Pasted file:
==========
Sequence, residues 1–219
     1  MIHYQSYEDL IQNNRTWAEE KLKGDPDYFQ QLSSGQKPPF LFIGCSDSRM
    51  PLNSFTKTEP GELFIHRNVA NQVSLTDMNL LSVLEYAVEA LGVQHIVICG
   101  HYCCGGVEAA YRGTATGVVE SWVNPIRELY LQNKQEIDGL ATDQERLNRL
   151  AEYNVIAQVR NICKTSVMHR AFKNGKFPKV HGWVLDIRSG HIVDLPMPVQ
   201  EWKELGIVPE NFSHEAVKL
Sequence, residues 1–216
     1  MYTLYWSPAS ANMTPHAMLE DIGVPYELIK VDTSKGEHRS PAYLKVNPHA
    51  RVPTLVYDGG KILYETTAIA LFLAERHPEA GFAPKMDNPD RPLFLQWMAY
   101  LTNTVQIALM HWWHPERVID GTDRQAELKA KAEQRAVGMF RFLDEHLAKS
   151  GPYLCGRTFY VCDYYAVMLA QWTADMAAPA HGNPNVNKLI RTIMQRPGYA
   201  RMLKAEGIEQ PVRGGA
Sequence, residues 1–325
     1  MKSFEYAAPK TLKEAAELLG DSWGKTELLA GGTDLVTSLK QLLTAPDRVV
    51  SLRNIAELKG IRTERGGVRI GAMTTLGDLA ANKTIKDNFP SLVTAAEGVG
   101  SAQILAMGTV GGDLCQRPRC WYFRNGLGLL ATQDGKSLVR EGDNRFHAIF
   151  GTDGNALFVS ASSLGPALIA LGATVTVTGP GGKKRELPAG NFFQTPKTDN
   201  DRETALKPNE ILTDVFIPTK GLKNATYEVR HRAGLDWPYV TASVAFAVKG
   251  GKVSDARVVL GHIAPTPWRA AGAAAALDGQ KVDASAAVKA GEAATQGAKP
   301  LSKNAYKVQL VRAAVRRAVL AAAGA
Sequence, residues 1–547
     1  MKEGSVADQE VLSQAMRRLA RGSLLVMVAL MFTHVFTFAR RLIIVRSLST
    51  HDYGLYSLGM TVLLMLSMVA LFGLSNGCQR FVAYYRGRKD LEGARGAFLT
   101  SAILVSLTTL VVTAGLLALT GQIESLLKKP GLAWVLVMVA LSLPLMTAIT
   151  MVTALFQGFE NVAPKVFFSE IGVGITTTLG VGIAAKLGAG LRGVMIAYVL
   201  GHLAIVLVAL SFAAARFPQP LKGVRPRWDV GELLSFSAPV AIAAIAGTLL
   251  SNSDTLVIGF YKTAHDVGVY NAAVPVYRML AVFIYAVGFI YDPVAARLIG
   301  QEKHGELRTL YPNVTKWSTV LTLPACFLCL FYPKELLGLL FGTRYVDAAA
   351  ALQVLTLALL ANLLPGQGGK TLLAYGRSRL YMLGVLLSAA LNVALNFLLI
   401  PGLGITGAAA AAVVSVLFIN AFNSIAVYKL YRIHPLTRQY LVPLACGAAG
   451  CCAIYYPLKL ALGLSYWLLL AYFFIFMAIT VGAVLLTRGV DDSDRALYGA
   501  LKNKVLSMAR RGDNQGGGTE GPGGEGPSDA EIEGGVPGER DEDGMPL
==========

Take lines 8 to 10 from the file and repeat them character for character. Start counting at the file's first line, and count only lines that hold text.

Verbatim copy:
     1  MYTLYWSPAS ANMTPHAMLE DIGVPYELIK VDTSKGEHRS PAYLKVNPHA
    51  RVPTLVYDGG KILYETTAIA LFLAERHPEA GFAPKMDNPD RPLFLQWMAY
   101  LTNTVQIALM HWWHPERVID GTDRQAELKA KAEQRAVGMF RFLDEHLAKS